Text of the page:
The first time I saw the Taj Mahal, I cried. Not because she is so beautiful — although she is — but because the sight of her was so familiar. I’d been backpacking through India and seeing the Taj Mahal after so many months on my own was like bumping into an old friend.
This time, so many years later, I cried again. Not because she is still so beautiful (she is) but also for all the years that have gone by in the interim — everything they gave me and everything they’ve taken away. Yet here she is, the Taj Mahal, still waiting.
The first time I saw the Taj Mahal was at dawn. A soft-spoken rickshaw driver delivered me to the South gate direct from the railway station and it felt to me like I had her all to myself. Now the Taj is heaving. She is overrun. Open from sunrise to sunset, she is teeming the whole time. Forget the rickshaw ride: it’s a rigmarole of ticketing, queuing, and electric buses to take you the last 800 metres, a gauntlet of touts swarming you with miniature marble palaces and chess sets before you are permitted to wind through rusting metal detectors and an aggressive pat-down at the East gate.
Once inside, the Taj preens demurely in front of a thousand cameras. I think to myself, as I always do, that it is no longer enough to just be somewhere, to see and feel it — we need our experiences on Facebook, Pinterest, and Shutterfly to make them real.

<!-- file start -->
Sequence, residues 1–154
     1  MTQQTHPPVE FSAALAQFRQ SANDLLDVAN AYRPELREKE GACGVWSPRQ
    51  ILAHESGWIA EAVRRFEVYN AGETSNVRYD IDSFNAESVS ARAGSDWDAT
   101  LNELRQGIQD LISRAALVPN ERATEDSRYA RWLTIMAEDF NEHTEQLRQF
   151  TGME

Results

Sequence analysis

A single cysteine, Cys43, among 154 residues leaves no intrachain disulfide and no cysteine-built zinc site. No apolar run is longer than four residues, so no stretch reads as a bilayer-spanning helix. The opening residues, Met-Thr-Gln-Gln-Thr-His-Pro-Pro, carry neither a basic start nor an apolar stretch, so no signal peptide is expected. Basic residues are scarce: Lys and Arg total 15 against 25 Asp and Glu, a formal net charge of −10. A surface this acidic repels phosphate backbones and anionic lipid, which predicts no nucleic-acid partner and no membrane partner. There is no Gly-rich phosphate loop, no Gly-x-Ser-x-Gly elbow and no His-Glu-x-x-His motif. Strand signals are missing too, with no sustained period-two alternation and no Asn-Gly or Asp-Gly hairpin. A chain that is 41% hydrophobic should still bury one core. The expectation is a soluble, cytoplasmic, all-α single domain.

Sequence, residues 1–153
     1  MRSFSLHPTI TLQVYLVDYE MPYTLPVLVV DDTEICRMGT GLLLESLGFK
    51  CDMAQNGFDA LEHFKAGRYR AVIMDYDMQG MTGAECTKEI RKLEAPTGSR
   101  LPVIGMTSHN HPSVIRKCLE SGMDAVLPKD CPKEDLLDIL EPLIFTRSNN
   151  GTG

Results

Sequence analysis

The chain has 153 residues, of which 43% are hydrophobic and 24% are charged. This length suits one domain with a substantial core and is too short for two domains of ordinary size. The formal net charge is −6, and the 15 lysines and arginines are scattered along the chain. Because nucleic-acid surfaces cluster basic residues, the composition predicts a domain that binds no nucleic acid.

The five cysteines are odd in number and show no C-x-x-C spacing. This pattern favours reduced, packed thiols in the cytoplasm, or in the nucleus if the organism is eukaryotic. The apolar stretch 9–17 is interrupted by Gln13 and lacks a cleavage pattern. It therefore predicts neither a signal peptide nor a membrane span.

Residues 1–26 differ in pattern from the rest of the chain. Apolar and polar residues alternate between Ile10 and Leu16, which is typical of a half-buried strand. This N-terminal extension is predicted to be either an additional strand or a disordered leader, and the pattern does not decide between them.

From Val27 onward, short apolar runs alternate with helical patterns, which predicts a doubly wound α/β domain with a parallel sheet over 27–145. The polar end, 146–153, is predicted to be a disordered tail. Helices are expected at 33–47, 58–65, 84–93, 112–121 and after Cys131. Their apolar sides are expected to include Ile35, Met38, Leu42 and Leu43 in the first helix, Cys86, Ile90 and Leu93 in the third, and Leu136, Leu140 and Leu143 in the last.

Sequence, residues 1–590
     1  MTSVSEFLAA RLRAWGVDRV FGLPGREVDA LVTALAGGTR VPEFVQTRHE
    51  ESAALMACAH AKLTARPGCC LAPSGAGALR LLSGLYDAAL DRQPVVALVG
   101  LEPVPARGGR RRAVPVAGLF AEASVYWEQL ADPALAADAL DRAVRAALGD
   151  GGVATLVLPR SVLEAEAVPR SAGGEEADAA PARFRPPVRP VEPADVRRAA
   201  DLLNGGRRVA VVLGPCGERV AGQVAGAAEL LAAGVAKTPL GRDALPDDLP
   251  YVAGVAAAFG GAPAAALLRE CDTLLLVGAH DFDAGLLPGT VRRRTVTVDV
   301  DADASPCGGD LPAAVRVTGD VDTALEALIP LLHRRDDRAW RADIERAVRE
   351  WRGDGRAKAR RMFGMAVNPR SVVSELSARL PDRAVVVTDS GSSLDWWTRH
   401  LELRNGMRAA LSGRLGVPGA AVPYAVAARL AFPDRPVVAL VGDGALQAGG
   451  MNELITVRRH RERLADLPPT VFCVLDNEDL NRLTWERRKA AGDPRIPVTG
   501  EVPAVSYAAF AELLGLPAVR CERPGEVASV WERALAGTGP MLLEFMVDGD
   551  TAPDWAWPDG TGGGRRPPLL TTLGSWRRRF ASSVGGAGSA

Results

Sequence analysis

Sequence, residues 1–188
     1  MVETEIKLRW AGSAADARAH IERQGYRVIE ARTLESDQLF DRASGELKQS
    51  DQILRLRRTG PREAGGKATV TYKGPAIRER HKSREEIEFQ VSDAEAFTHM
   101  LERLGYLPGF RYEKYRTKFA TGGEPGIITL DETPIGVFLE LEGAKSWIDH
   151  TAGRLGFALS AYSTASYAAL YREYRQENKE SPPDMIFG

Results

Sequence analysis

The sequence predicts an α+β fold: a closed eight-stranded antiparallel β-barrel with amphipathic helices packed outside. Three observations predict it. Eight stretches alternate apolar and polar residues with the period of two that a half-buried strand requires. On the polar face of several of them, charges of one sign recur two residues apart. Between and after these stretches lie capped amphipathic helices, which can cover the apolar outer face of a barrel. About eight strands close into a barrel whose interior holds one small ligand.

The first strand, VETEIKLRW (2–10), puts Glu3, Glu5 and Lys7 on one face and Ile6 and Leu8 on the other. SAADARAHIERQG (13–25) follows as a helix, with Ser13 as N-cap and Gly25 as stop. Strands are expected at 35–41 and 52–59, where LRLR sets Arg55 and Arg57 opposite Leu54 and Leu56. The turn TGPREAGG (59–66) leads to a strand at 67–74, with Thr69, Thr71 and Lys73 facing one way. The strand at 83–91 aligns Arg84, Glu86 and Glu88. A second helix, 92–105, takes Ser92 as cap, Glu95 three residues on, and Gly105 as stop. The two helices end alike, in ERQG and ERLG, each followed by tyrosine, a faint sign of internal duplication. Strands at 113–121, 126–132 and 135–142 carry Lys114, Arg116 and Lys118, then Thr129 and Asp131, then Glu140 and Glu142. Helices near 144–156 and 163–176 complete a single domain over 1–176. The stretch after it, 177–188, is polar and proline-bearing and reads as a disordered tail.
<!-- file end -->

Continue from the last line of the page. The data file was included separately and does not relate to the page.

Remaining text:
So it’s different this time, still beautiful and intense, but not as personal. I feel a bit like I’ve flown halfway around the world to an old friend’s wedding. She is consumed with the greeting and feting of other guests. The best she can do is catch my eye across the crowded gardens and express herself mutely: You made it! I love your short hair. I will catch up with you later, I promise.
Do you understand that she’s perfect? Her onyx, agate, and lapis-lazuli inlay. Her intricate marble relief. As it is on one face and minaret, so it is replicated identically on each of the other three aspects.
But don’t ask me: ask one of the countless accredited experts who hunt quietly, in laminated badges, poised to pounce on the most innocent of questions. Don your disposable shoe covers to climb the boards now protecting the marble steps, as if you are visiting the rare diseases ward and not one of the seven wonders of the world. Take no photos in Mumtaz’s tomb, which now — as back then — still smells like a locker room. Keep quiet and move along, move along. Every three seconds a guard blows a piercing whistle to remind you to be silent and keep moving.
So we trickle out, we exclaim at her beauty, we wait for the sun to sink and sink so that the next photo, and then the next, will be even more beautiful as the blush blooms in her centuries-old cheeks.
I feel for the Taj. The same sympathy I’ve felt for many of the world’s most sought-after sights — the Trevi fountain, Notre Dame, the Sphinx. How tough it must be for them to always be at their best, to be on. How the Taj must long for nightfall, when she can step out of her tight shoes, unhook her bra, kick back and just be.